EFSA Publishes Environmental Risk Assessment of the Application of Nanoscience and Nanotechnology in the Food and Feed Chain

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On November 19, 2020, the European Food Safety Authority (EFSA) published a report entitled “Environmental Risk Assessment (ERA) of the application of nanoscience and nanotechnology in the food and feed chain.”  The authors analyzed existing ERA guidance documents for their adequacy to cover issues that are specific for nanomaterials, but note that none of the guidance has a specific focus on the food and feed chain.  Each nanospecific issue was addressed by briefly reviewing the existing methods to address the issue in each separate step of ERA.  The report suggests adaptations necessary in exposure assessment and hazard and risk characterization to address nanomaterials.  The report lists the following issues that should be addressed in preparing ERA guidance of the application of nanoscience and nanotechnology in the food and feed chain:

  • Collaboration with other European Union (EU) agencies that face similar tasks in updating their ERA guidance for nanomaterials, such as the European Chemicals Agency (ECHA) and the European Medicines Agency (EMA), as well as with method developments in organizations like the Organization for Economic Cooperation and Development (OECD) or the International Organization for Standardization (ISO), to prevent duplication of work and contradictory recommendations in ERA guidance for nanomaterials;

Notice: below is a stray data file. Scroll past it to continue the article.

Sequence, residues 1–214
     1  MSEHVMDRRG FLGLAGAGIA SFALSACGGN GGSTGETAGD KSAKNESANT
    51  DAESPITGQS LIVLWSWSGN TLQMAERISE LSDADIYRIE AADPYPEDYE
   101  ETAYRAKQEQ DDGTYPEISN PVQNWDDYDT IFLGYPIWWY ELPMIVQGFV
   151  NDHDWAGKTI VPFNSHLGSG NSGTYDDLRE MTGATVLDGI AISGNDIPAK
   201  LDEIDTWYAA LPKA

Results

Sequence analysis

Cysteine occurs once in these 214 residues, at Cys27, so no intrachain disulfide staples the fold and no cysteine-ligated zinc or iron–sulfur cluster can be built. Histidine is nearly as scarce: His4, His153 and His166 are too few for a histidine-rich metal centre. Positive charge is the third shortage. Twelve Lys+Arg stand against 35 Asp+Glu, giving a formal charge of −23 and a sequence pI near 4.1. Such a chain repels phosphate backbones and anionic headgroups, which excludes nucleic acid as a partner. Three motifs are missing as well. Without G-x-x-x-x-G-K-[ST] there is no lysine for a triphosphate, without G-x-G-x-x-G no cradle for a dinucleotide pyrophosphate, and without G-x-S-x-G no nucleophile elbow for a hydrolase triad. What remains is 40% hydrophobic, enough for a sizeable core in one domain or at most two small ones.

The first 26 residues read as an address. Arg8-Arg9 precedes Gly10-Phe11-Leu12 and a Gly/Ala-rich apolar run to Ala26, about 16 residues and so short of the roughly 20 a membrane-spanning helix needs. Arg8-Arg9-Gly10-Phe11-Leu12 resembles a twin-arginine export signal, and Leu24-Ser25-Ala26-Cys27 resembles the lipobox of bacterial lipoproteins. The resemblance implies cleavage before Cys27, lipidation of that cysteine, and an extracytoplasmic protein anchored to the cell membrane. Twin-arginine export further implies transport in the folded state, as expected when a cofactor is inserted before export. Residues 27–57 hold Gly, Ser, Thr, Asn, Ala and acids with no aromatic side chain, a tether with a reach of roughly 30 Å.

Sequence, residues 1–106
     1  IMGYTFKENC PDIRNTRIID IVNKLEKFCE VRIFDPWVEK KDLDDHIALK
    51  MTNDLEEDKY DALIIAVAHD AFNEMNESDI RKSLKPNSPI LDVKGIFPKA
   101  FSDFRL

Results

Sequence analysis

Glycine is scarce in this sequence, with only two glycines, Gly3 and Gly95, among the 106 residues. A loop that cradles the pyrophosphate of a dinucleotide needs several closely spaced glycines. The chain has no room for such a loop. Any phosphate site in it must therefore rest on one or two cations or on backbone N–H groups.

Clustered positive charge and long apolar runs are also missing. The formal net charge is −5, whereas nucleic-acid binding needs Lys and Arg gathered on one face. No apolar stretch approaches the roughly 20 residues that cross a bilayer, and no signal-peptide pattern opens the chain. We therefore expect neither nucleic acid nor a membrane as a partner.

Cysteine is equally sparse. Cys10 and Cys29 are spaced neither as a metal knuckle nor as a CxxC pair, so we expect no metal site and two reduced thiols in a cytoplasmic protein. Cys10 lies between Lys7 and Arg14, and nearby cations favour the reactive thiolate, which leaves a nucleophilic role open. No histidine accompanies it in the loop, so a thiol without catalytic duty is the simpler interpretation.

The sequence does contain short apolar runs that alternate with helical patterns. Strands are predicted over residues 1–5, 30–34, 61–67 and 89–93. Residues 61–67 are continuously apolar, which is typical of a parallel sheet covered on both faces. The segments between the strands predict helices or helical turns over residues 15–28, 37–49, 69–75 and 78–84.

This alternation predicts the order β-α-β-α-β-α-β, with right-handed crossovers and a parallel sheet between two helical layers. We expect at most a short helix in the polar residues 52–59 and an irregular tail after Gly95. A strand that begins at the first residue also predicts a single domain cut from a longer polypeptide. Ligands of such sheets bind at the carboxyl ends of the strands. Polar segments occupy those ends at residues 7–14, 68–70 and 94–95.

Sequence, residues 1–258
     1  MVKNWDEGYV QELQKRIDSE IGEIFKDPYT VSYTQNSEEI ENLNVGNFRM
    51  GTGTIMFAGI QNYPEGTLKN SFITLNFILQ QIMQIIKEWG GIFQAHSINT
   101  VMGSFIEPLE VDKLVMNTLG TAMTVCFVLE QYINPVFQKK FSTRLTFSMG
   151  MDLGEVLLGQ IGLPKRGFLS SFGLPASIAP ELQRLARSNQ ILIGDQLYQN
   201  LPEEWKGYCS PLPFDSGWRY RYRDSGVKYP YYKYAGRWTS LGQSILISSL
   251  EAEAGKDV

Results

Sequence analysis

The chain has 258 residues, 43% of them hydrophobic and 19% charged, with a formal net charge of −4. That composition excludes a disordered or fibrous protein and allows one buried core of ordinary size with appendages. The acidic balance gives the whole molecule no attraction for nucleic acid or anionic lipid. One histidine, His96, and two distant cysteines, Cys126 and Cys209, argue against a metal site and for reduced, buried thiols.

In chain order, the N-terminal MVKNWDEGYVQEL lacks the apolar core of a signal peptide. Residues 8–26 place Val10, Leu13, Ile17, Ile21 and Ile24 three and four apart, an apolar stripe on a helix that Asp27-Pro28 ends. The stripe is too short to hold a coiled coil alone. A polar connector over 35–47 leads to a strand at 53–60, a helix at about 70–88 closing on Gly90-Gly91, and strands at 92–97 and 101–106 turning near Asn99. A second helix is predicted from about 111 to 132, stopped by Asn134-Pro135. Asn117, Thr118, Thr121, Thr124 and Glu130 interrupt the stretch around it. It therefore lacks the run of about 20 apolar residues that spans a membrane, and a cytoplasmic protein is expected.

• Environmental exposure scenarios and models, including their computational implementation for modeling of fate and release, are an essential part of ERA of nanomaterials, meaning that either the existing scenarios and models need to be adapted, or new models need implementation for use with products containing nanomaterials;
  • Development of standardized approaches for conducting exposure and hazard assessment for nanomaterials in benthic and terrestrial environments is lagging behind the developments for the pelagic environment;
  • The aim of applying a nanomaterial formulation needs to be taken into account in its efficacy testing;
  • Dose metrics other than the mass-based metrics commonly used for soluble chemicals are needed for nanomaterials. Metrics based on particle number or surface area may be more informative for fate and hazards of nanomaterials; and
  • Several of the default/shortcut values currently used in lower tiers of ERA need revision where they are derived on the basis of diffusion or thermodynamic equilibrium-based approaches. Several approaches for revision are available for nanomaterials.

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